columbiacritter

Songster
11 Years
Jun 7, 2008
1,602
20
194
Scappoose Oregon
I adjust my brooder temps to how the chicks are acting and what types they are. Like you I don't follow any hard and fast rules. My last batch was some really small banties so they stayed in the 90's for a good ten days then I switched one of the two heat bulbs to a 1oo watt white light, then after another week started shutting the white light off at night and leaving them with one heat lamp. No one huddled, everyone is thriving.

They moved out to the coop at 3 wks with a heat lamp inside, but otherwise nothing to protect them when they chose to go outside. I made sure they figured out how to go back in and warm up if they needed then left them alone. Now at 4 wks they get a smaller bulb at night only. Again no huddling, just eating, drinking, playing, growing like crazy.
 

Puck-Puck

Songster
11 Years
Apr 7, 2009
165
5
144
a mountain hamlet in B.C.
"Cool"!

Thank you, everybody, for your reassurance. I remember as a kid being taken to task for going outside without a coat on, but I don't seem to be any the worse for it!
I figured it might be the same for the chicks.
 

Junkmanme

Songster
12 Years
Mar 11, 2007
2,202
8
201
Near Gallup, New Mexico
I bought 16 black chicks at the local feedstore on 6-1-09. Today is 6-10-09. I'm sure they were not more than 5-6 days old, if that.

When I brought them home, I put them outside in the "brooder area" with a 250 Watt infrared heat lamp about 18-20 inches above one corner of the area. They have plenty of water and "start & grow" feed in pans thereby.

They have done fine day and night and seldom during the daytime do they go near the heatlamp. But, they huddle near the "fringe" of the light at night.

Our daytime temperatures have been up to 78 F. Nightime temps have dipped as low as 40F.

Last night, it rained for a little bit, off and on. There were puddles in my yard this morning. The chicks had a tarp over part of their area, tarp tilted to allow for "run-off".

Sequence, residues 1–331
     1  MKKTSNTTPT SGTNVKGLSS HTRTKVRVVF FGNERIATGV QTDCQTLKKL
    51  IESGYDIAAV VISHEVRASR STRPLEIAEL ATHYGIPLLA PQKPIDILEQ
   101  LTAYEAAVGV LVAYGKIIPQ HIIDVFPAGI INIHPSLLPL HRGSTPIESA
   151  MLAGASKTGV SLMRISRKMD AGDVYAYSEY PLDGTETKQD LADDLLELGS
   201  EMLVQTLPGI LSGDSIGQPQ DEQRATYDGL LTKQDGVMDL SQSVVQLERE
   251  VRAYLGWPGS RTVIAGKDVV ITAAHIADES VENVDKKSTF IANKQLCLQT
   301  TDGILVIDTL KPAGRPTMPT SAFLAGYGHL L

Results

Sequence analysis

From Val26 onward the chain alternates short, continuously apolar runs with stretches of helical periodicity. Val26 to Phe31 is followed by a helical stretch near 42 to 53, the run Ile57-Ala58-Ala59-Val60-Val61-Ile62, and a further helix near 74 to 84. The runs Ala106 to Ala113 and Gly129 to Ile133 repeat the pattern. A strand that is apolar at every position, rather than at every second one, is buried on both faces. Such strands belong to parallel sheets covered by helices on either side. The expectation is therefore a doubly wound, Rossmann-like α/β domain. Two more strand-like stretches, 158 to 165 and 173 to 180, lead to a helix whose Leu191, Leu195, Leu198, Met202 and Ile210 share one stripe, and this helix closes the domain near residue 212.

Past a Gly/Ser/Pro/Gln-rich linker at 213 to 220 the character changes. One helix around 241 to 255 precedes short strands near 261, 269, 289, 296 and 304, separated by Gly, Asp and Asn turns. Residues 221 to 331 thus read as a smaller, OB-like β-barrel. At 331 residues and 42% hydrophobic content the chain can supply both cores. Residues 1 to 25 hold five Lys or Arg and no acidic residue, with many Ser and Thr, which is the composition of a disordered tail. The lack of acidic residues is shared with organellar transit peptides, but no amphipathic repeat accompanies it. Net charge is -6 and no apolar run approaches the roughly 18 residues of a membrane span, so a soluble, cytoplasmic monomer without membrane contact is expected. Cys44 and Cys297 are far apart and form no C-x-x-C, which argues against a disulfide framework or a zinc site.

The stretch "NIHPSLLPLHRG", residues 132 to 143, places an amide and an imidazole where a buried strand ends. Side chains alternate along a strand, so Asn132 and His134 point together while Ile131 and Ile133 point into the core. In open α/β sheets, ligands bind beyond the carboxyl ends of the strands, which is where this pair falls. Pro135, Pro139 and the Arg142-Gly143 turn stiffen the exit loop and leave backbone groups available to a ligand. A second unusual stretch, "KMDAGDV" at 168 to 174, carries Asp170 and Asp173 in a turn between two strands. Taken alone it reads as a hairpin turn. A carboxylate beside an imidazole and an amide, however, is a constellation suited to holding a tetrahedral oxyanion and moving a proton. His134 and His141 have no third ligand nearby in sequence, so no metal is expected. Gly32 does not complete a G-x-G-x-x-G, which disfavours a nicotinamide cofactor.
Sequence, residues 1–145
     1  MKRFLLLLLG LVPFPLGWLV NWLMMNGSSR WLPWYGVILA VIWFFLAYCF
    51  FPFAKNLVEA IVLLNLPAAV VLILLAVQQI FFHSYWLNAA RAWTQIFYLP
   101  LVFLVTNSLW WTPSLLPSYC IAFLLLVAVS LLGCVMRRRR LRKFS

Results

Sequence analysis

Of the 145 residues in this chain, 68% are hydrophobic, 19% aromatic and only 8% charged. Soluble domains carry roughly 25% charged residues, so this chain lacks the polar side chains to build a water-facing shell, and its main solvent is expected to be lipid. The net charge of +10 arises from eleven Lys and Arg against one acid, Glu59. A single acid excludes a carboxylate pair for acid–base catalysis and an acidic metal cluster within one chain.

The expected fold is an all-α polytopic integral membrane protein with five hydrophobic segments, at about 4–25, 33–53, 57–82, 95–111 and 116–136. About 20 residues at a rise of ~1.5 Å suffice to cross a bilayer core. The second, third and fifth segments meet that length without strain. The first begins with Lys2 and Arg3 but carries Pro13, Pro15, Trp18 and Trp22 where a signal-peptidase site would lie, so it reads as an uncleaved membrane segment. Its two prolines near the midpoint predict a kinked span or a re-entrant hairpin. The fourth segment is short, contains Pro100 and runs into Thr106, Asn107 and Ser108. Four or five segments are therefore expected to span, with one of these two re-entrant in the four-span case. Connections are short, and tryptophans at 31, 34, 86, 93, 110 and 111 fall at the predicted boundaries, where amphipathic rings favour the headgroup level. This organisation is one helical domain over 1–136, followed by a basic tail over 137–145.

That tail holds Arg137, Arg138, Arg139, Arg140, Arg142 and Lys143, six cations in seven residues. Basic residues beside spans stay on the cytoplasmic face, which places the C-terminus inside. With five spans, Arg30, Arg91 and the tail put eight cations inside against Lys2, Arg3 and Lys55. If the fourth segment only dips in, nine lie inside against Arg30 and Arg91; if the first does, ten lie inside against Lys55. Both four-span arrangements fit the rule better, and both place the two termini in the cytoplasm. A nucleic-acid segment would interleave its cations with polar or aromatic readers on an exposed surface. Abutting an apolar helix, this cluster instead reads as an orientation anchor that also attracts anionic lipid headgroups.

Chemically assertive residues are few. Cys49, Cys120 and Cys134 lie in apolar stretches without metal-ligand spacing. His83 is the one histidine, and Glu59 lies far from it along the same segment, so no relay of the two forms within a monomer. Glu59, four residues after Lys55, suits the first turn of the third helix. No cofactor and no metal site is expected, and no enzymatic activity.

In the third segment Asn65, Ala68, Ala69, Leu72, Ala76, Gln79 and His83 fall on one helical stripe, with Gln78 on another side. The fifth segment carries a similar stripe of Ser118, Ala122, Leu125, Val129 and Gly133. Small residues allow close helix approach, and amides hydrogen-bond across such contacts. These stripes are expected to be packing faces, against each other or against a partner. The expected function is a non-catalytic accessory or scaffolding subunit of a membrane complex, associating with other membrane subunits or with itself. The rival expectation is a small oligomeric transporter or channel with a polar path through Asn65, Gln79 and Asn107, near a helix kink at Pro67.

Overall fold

Unfortunately, for some odd, unknown reason, the infrared heat lamp quit working sometime last night.

The chicks???????

The chicks were all "huddled together" in a dry spot this morning about 7 AM. I put out some more "start & grow" feed. They ALL started moving around, eating, drinking, and venturing out in the sunshine. Very active, tough chicks. I estimate that they are now perhaps as much as 2 weeks old.

No thermometer where they are, however, I have an outside thermometer near my front door.

These 16 chicks haven't been inside since they left the feedstore 10 days ago.

draw your own conclusions........


-Junkmanme-
 

Uzuri

Songster
10 Years
Mar 25, 2009
1,299
10
171
I'm not going to claim first-hand knowledge, but my Dad claims that probably the biggest problem with chilly chicks is that they climb all over each other and squash each other. So if you have 100 chicks, being slightly too cold is worse than if you have 3. Evidently they used to get 100 or so chicks every year and keep them in the basement. To me that sounds like a run up to "The Birds"


I know that mine haven't seemed to be fazed by and particular temperature at all :p Only once (in the week I've had them) did I find any of them sitting on any others, and the incredible speed in which she threw the other one off when she heard me speak, I think that she wanted to be there
 

New posts New threads Active threads

Top Bottom